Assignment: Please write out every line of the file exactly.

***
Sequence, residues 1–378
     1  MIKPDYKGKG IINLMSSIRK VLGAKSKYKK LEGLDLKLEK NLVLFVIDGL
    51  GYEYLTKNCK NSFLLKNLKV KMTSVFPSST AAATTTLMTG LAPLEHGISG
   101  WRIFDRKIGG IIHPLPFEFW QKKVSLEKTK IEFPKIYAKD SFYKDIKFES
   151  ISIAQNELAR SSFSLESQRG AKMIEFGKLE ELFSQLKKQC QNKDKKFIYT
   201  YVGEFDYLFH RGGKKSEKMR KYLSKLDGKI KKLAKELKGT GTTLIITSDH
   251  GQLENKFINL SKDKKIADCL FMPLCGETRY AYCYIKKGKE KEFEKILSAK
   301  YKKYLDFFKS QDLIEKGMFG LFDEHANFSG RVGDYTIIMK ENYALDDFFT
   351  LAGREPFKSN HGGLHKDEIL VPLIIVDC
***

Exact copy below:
Sequence, residues 1–378
     1  MIKPDYKGKG IINLMSSIRK VLGAKSKYKK LEGLDLKLEK NLVLFVIDGL
    51  GYEYLTKNCK NSFLLKNLKV KMTSVFPSST AAATTTLMTG LAPLEHGISG
   101  WRIFDRKIGG IIHPLPFEFW QKKVSLEKTK IEFPKIYAKD SFYKDIKFES
   151  ISIAQNELAR SSFSLESQRG AKMIEFGKLE ELFSQLKKQC QNKDKKFIYT
   201  YVGEFDYLFH RGGKKSEKMR KYLSKLDGKI KKLAKELKGT GTTLIITSDH
   251  GQLENKFINL SKDKKIADCL FMPLCGETRY AYCYIKKGKE KEFEKILSAK
   301  YKKYLDFFKS QDLIEKGMFG LFDEHANFSG RVGDYTIIMK ENYALDDFFT
   351  LAGREPFKSN HGGLHKDEIL VPLIIVDC